It is like a wave embracing its form and dance instead of trying to push against the wind and the ocean, which is how most people live.
Benefits Of Karma Yoga in Daily Life
There is no one to celebrate whatever benefits arise from living Karma Yoga personally. The positive impact that living karma brings is giving its fruits to life as a whole.
Imagine you cut your finger with a sharp object, and it starts to bleed; you would immediately attend your wound, there would be no philosophical arguments or spiritual perspectives of how to attend the wound, who’s going to do it, why, etc. You would wash with water, clean it, maybe apply medication, and protect it with a bandage.
Notice that at no point was there any sense of victim nor hero. There was no story other than the situation at the moment and the action needed. Your wounded hand did not have to thank your other hand; it is the same body. Karma Yoga is the same; we are all taking care of each other.
Karma Yoga Healing
Karma Yoga can heal both body and mind by getting rid of all the tension and stress of controlling life. There is a tremendous weight lifted when this happens, and an immense energetic space opens up.
Karma Yoga is a type of surrender, but not a forceful one. This surrender is not a decision; it’s a relaxation that happens by itself. It is like taking a pair of tight shoes off. It is like grasping for air underwater and coming up to the surface and breathing. It’s almost like getting stuck, a stickiness that’s been washed and clean.
But again, you cannot do or push this to happen with your intellect. All you can do is realize and try to understand who you truly are, or in better words, focus on discovering who you are NOT! This is a simpler and more achievable task. See the false and false, push away misconceptions and mental waste, and see how things are, not how you want them to be. If you are interested in this exploration, check out this: Find Out Who You Are
Self-Inquiry and Karma Yoga
Self-Inquiry is a great tool for exploring Karma Yoga. If you take the time to inquire about your “own” nature, it can take you to an amazing path of discovery and epiphanies. The act of inquiry means observation; when you allow yourself to be curious, question your own beliefs and listen to new ideas, a new chapter in your story opens.
You might be thinking about how you can take this trip or where to start. You’ve already had! This article, the one you’re on right now, has helped with that task already. We’ve explored and inquired about many aspects of Karma Yoga, its true meaning, ways to apply it in our daily lives, its principles, examples, etc. You are already on the path of Self-Inquiry.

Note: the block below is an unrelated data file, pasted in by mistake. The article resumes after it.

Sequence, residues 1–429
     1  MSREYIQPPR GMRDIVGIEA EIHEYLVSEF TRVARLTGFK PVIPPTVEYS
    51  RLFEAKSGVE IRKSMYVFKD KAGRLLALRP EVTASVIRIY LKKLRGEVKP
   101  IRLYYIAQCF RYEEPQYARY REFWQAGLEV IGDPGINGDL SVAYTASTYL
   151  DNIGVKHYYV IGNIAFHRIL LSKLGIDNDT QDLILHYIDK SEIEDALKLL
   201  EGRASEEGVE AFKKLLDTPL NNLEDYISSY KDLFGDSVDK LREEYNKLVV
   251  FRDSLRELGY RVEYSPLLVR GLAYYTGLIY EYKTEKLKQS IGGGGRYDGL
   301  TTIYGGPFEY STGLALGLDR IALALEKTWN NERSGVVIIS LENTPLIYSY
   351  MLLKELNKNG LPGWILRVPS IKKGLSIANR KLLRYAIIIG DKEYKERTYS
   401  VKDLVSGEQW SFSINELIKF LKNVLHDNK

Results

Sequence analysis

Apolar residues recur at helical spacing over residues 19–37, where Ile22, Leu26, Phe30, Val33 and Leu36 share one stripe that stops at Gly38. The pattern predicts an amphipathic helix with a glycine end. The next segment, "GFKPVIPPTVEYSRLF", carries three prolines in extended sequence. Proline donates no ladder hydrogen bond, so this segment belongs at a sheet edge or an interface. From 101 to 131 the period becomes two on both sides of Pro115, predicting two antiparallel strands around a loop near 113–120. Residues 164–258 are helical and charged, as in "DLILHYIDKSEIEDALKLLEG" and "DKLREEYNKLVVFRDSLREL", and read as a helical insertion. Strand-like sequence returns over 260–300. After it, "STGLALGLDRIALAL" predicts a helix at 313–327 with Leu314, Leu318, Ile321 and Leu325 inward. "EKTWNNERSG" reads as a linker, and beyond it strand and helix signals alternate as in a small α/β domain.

To learn more about the practice of Self-Inquiry, go to this article: The Path Of Self Inquiry.
Non-Duality and Karma Yoga
Karma Yoga means the ONE source in ACTION. It is also what Non-Duality teaches. One, not two. Living nonduality is Living Karma Yoga; it means understanding a non-divisive phenomenon. Nonduality means no separation; it teaches that there is only ONE thing happening and that there is no such thing as “others.”
Check out this article about Non-Duality; it has plenty of examples and exercises.
Meditation and Karma Yoga
The only true relation between Mediation and Karma Yoga is that if meditating is your calling, it is part of your Karma Yoga, meaning that it is what you do; it is part of your life. Meditation will not “fix” your life, nor will it create a connection with your karmic and yogic nature. Meditation can help clear your mind, calming it, making it less noisy.
Meditation can help you have a healthier state of mind, which is very helpful for exploring any new practice, method, philosophy, or teaching, including Karma Yoga.
There are plenty of Meditation styles and techniques. We have a wide selection of free exercises you can try. Feel free to browse and experiment with them here: The Self Inquiry, Mindfulness & Non-Duality Meditation Exercises.
Mindfulness and Karma Yoga
Mindfulness is a result of Karma Yoga. When a person reaches the state of living Karma Yoga, every action takes place without a sense of personal gain. Therefore, there is no narrative behind the person’s intention. This phenomenon is what Mindfulness is all about, the absence of chaotic toxic unnecessary thinking.
A mindful person does not act from purely intellectual reasoning, and there are no fear, extreme desires, or insecurities to attend to. A person practicing true Mindfulness listens to an inner voice, a pearl of intuitive wisdom that all human beings carry within, which is Karma Yoga’s representation.
Awareness, Consciousness and Karma Yoga
Karma Yoga is movement, a play of action which unfolds within Consciousness, awareness, or the absolute. Consciousness does not carry human values nor plays in moral grounds; therefore, it has no relation other than they are all ONE substance, no separation, no duality. You can also say that Consciousness is nothing, Karma Yoga is action, and nothing and something is happening and not happening.
Spirituality and Karma Yoga
Many words have been casually overused and downgraded for many years to the point of losing their true essence; Spirituality is one of them. Spirituality has nothing to do with dogmatic religious beliefs. Spirituality is a recognition of wonder and beauty within life. Living in harmony, conscious connection with your nature, following your Tao intuition, or Karma Yoga are perfect examples of true spirituality.
We can notice how Karma Yoga, Spirituality, Meditation, and Mindfulness are deeply interconnected; they all have a relationship with each other. They are all part of ONE play emerging from Consciousness, awareness, or the absolute. Karma Yoga is, without a doubt, one of the most beautiful spiritual paths that any human being could take. If you have this calling, honor it, surrender to it, and let it work through you, that is all you need to do.